Committee for a Responsible Federal Budget

What’s in the Bipartisan COVID Relief Bill?

Dec 16, 2020 | Other Spending| Economics

Lawmakers Monday released the full text of a $908 billion bipartisan stimulus package, which was released in summary form back on December 1. The package is split into two parts. The first $748 billion bill, the Emergency Coronavirus Relief Act of 2020 (ECRA), includes $300 billion in Paycheck Protection Program (PPP) second draw loans and other small business relief, around $180 billion for extended and expanded unemployment benefits, $45 billion to airlines, airports and other transit industries, $35 billion for health providers, $16 billion for vaccine development, supply, and testing and tracing programs, and more. The second bill provides $160 billion in relief for states, municipalities, and tribes as well as liability protections for businesses. 

Last week we published an analysis that estimated the size of the output gap and the economic effect of the original $908 billion package. Using a similar methodology, we find that these two bills combined would boost GDP by between $555 billion and $755 billion, with a central estimate of $655 billion. The two bills would boost GDP equivalent to nearly half of the output gap over the next three years and more than the total output gap for 2021 under our central estimates.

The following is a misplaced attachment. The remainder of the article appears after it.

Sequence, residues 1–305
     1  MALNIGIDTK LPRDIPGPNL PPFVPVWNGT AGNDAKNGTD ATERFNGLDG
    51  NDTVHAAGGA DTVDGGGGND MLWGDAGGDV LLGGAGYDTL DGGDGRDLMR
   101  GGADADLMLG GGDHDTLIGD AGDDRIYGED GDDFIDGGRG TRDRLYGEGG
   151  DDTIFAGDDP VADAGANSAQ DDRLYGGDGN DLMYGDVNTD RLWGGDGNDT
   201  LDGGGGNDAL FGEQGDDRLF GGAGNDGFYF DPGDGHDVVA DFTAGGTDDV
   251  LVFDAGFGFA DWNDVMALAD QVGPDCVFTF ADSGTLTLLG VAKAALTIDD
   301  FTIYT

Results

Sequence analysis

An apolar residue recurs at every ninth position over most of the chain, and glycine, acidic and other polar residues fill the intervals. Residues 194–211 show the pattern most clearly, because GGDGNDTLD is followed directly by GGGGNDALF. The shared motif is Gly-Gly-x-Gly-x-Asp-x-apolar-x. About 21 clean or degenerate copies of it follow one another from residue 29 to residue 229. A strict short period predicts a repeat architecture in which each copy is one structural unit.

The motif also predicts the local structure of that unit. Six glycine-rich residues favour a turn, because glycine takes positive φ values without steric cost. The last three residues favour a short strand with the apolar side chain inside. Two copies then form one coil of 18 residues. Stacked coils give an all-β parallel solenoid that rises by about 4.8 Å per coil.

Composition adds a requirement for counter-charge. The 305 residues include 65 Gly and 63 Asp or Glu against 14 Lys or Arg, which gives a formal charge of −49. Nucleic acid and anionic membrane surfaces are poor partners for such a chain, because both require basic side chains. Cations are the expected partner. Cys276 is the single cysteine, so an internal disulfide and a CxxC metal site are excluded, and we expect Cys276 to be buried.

List of Provisions in the Emergency Coronavirus Relief Act of 2020

Provision Ten-Year Cost
Aid to Small Businesses $300 billion
  Paycheck Protection Program (PPP) Second Draw  $268 billion
  Economic Injury Disaster Loan Advances $14 billion
  Emergency Grants to Venues $10 billion
  Other Small Business Relief and Program Expenses $9 billion
  Deductibility of expenses paid for by PPP loans ^
   
Extend and Augment Unemployment Benefits (+$300/week) for 16 weeks $180 billion
   
Education $82 billion
  K-12 Education Grants $54 billion
  Higher Education Grants $20 billion
  Governor's Emergency Education Relief Fund $8 billion
  Education Grants for Tribes and Territories $0.5 billion
   
Health Care $51 billion
  Provider Relief Fund $35 billion
  Vaccine Development & Distribution $6 billion
  COVID Testing & Tracing $7 billion
   
Transportation $45 billion
   Second Round Payroll Support Program for Airline Workers $17 billion
  Transit Infrastructure Grants $15 billion
  Grants to Transportation Service Providers Like Buses and Ferries $8 billion
  Airport Grants $4 billion
  Amtrak Funding $0.6 billion
   
Other Spending $88 billion
  Nutrition and Agriculture Programs $26 billion
  Rental Assistance $25 billion
  U.S. Postal Service Loan Write-Off $10 billion
  Child Care Grants $10 billion
  Broadband Grants and Investment $10 billion
  Substance Abuse and Opioid Treatment Grants $5 billion
  CDFI/MDI Community Lender Support $2 billion
   
Total  $748 billion
"Offsets" (reductions in previous budget authority) -$560 billion
Net Total $188 billion*

Source: Bill text. Totals do not sum due to rounding. 
^ This changes is likely to reduce tax revenues significantly relative to current law, but much of the cost was inadvertently scored in the original bills.